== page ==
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Home / Tips and Tricks / Enable and view request statistics for an AWS S3 bucket in CloudWatch – CloudSavvy IT

Enable and view request statistics for an AWS S3 bucket in CloudWatch – CloudSavvy IT

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S3 comes with some basic bucket size and object count analyzes, which are free and automatically calculated. However, if you want to view more detailed analytics for S3 requests, you must enable request statistics.

Enable metrics

To see request statistics, you must enable them for each bucket. These are not free like the standard statistics: the paid tier of CloudWatch costs $ 0.30 per stat. Unfortunately, each S3 bucket can add up to 1

6 different request stats, and they are all constantly active. This brings the cost to $ 5 per bucket, possibly less depending on whether or not you use certain options.

To enable it, go to the Statistics tab for your bucket:

bucket statistics

You will see the standard statistics and at the bottom there is a button ‘View additional graphs’:

view additional charts

Click “Create Filter” to create a filter that enables request statistics.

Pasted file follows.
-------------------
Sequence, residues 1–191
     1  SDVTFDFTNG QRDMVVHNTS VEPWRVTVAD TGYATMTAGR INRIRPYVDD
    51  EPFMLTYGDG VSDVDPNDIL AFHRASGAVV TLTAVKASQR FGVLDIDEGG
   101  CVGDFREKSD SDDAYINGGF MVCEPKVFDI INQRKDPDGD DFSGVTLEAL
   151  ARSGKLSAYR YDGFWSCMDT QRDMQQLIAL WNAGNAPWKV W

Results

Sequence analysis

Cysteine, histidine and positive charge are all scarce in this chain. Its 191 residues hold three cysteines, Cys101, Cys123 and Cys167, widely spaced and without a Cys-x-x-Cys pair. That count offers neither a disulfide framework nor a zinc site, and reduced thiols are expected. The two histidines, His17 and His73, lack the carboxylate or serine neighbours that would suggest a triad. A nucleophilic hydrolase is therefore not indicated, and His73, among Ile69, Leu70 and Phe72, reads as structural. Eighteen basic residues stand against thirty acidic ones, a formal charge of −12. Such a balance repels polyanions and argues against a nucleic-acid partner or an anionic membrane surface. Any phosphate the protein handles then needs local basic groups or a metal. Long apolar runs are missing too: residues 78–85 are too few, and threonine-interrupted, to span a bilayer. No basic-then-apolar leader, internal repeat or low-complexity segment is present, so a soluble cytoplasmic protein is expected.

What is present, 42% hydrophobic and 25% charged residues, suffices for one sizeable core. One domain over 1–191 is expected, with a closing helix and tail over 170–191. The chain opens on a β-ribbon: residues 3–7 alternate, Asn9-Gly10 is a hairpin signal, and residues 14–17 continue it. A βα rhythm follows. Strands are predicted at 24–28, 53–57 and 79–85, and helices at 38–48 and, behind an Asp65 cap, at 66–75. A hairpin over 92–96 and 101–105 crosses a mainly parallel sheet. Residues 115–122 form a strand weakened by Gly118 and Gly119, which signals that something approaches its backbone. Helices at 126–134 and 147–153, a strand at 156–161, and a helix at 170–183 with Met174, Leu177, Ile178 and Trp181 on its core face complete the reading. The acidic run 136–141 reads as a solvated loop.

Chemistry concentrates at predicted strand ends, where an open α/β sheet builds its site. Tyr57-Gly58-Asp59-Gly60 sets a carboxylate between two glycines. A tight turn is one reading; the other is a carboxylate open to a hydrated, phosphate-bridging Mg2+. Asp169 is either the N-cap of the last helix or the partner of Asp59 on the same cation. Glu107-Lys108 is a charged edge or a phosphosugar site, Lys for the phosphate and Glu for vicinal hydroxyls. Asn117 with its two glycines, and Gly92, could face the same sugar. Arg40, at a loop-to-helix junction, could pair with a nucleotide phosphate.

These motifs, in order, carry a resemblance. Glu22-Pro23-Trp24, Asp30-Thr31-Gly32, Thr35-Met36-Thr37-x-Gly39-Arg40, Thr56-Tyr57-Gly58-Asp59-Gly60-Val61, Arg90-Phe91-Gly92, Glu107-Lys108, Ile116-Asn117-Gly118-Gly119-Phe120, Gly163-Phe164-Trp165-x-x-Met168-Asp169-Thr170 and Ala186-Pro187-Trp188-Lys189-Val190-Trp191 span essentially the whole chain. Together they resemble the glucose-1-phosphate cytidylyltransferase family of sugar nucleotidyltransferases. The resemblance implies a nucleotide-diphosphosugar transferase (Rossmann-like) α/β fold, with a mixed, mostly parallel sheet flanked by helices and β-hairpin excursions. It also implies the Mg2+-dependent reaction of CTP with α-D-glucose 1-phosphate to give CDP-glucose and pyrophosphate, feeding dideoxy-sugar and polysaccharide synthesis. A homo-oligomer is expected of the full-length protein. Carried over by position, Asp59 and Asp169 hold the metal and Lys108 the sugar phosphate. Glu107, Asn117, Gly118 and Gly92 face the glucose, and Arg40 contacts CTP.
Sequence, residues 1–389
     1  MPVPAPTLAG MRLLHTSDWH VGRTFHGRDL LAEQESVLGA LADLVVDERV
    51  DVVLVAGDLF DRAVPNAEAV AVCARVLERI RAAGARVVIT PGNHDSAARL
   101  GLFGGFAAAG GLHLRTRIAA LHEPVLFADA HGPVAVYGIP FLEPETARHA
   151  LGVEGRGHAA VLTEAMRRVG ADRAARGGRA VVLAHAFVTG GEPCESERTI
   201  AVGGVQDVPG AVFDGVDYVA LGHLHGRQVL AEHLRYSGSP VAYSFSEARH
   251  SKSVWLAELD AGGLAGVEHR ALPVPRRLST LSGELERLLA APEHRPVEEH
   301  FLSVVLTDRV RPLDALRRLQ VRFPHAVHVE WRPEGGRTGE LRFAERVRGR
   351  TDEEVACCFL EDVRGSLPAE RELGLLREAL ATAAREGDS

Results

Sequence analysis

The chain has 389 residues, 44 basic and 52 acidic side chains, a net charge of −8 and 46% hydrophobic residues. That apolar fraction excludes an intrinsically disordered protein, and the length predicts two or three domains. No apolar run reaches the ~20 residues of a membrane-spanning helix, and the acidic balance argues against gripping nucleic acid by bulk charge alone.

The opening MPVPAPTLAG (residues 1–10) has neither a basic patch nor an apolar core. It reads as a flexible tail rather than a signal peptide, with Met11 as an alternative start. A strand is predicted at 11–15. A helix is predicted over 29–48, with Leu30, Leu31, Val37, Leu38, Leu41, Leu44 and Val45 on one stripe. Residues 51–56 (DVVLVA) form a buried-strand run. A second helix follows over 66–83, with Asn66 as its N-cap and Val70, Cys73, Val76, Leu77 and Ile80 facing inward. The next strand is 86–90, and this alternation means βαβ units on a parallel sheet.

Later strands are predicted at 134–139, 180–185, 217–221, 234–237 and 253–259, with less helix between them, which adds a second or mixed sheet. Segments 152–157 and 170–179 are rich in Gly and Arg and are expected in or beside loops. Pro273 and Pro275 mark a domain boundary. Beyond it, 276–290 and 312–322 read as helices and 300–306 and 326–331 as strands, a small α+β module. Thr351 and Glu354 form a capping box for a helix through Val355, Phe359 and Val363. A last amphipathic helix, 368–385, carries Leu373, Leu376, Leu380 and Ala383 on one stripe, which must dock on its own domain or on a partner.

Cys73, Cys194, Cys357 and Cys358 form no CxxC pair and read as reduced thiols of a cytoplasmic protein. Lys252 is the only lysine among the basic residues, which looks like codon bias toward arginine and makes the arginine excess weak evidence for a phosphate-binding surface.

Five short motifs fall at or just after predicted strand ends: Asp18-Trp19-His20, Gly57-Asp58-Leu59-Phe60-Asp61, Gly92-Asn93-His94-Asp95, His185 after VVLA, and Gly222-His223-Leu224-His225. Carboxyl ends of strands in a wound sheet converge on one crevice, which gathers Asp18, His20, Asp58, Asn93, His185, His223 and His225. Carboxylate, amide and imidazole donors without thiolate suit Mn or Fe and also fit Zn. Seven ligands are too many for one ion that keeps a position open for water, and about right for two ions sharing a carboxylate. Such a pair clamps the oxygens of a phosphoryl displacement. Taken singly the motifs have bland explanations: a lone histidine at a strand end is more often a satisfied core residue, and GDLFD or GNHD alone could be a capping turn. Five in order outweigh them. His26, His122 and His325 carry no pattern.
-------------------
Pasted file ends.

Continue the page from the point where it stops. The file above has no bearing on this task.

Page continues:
You can limit this to a specific subset of items, or simply select ‘This filter applies to all objects in the bucket’.

create filter

Once that’s done, the request statistics will be sent to CloudWatch. It may take a while, so grab a coffee and get back to it.

Using metrics in CloudWatch

Visit the CloudWatch Management Console to get started.

You need to create a new dashboard and add a widget to it. You can choose any type of chart, but for simple case statistics, line charts generally work best.

Select S3 for the metrics:

And then ‘Request statistics per filter’.

You will then see a list of statistics available to you from the buckets for which you have enabled request statistics. Two of the most useful are BytesDownloaded and BytesUploaded, which track raw data usage. You can graph them over time and add this chart to your dashboard.

By default, the graph shows the average data usage. You are probably interested in the total data usage, so under “Graphed Metrics” you can change the metric to “Sum”, which adds up all the requests for the specified period. This works best when set for a long period of time, such as an hour or day.

Of course, like all CloudWatch metrics, you can set automatic alarms for when usage gets unexpectedly high, and use those alarms for other events in your account as well.

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